Broad Recognition

A Feminist Magazine at Yale

A Look Back: Last Week in the “War on Women”

Real talk: last week was a frustrating week to be a feminist. We saw abusers glorified, women silenced, and reproductive rights denied. A look back:

Chris Brown’s “comeback:” The week got off to a bad start on Sunday when Chris Brown, the R&B star notorious for assaulting his then-girlfriend Rihanna, performed at the Grammys. Just three years after the assault, which took place the evening before the 2009 Grammys, he’s been returned to the position of lauded celebrity figure. The “comeback” came, not coincidentally, days before Brown released a lead single and a month before the release of his fifth album. He also won the Grammy for Best R&B Album that night.

It’s reprehensible that both the entertainment industry and the American public absolved a public figure of such violence—a felony, by the way, that he pled guilty to— in three years. But even at the time of the incident, public sympathy was with Chris Brown. After the infamous photograph of Rihanna’s battered face emerged, apologists—Carrie Underwood, Lindsay Lohan, Nia Long, Mary J. Blige—were quick to all but defend him. Jay-Z was the lone voice of reason, reminding fans, “You have to have compassion for others. Just imagine it being your sister or mom and then think about how we should talk about that. I just think we should all support her.” When Usher commented the following March that a picture of Brown jet-skiing was probably not the best way to reform his image, the backlash was so severe that Usher was forced to apologize.

Sorry, Grammys: The Grammys’ executive producer, Ken Ehrlich, doesn’t really seem to get it either. Earlier this month, he told ABC News that the Grammys were “glad” to have Brown back. Ehrlich said, “I think people deserve a second chance, you know. If you’ll note, he has not been on the Grammys for the past few years and it may have taken us a while to kind of get over the fact that we were the victim of what happened.” That’s right, the Grammys were the victim of Chris Brown’s violence. Got it.

The worst Twitter trend ever: Twitter’s by no means a feminist’s best friend (sexist hashtags, anyone?), but it reached a new level of awful this week when young women who are Chris Brown fans exclaimed, en masse, that, essentially, they wouldn’t mind being beat up by such a heartthrob. Again: domestic violence is no big deal, because Chris Brown is famous and totally hot.

No patience for PETA: The animal rights organization known for its horribly misogynistic media campaigns decided to celebrate Valentine’s Day with a new ad. Here’s what I learned: real men go vegan, and when they do, the sex will be great—meaning he’ll beat the shit out of you.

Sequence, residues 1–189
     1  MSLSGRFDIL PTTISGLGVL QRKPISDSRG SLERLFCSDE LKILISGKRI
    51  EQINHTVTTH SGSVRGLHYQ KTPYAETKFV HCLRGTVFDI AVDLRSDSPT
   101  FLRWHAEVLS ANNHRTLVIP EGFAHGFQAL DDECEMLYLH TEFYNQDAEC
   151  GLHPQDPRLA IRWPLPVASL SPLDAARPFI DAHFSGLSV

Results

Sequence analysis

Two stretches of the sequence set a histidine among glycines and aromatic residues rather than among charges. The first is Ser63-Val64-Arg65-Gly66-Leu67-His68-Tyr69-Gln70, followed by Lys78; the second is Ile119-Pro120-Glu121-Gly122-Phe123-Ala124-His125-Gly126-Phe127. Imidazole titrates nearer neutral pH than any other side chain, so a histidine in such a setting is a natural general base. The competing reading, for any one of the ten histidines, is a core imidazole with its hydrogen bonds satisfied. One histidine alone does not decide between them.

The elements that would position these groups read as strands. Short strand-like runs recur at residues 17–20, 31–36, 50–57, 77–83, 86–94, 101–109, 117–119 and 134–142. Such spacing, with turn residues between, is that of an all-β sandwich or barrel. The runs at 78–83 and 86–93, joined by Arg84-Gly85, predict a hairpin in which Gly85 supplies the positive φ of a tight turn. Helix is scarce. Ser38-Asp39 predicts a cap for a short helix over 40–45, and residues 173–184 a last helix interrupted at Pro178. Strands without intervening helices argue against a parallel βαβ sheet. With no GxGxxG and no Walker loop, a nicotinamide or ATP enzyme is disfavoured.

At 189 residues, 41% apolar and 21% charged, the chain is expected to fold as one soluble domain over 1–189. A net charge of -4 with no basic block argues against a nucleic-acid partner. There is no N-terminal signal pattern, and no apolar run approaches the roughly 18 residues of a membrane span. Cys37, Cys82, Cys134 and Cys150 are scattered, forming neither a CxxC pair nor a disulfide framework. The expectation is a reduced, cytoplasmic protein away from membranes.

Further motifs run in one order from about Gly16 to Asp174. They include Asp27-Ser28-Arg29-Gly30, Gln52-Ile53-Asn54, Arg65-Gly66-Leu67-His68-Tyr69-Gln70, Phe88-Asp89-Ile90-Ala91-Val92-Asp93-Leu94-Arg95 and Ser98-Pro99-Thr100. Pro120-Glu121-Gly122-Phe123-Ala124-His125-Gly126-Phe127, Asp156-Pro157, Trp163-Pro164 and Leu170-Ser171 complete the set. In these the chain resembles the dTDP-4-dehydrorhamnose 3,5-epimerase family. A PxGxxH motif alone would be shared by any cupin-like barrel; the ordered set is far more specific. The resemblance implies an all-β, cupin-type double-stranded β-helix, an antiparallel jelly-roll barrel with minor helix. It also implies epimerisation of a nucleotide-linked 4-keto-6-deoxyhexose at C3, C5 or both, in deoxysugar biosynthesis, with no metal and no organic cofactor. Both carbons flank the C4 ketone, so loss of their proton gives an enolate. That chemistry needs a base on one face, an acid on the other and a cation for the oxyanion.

Ultrasounds required for abortions: In Virginia, the GOP took their habit of invading women’s bodies to the extreme this week. A proposed “informed consent” bill requires a woman to undergo an ultrasound before having an abortion. Sadly, that requirement is nothing new. But since most abortions occur within the first twelve weeks, most women seeking abortions will have to have a penetrative transvaginal ultrasound, since that is the only way to obtain an ultrasound image in early pregnancy. Such a practice is insulting to a woman who obviously knows that she is pregnant and has already made the often difficult decision to terminate the pregnancy.

The sonogram itself is not only an invasive, medically unnecessary procedure. In January, the FBI expanded its definition of rape as such: “The penetration, no matter how slight, of the vagina or anus with any body part or object, or oral penetration by a sex organ of another person, without the consent of the victim.” Since the penetrative ultrasound is mandatory for an abortion, it cannot really be consented to, meaning that the ordeal itself could very well be classified as rape.

Additionally, Slate’s Dahlia Lithwick has noted that, while the woman can choose whether or not to look at the ultrasound and/or to listen to the fetal heartbeat, the doctor will make note of that in her record. In Lithwick’s words, “I guess they were all out of scarlet letters in Richmond.” A protest on Monday delayed the vote, but Republicans in Pennsylvania’s state legislature are proposing a similar bill.

Personhood, again: Virginia’s not a great place for reproductive autonomy right now. Last Wednesday, its House passed a personhood bill. This comes despite polls showing that Virginians are opposed to the measures: 52% are against personhood and 55% are against the ultrasound requirement.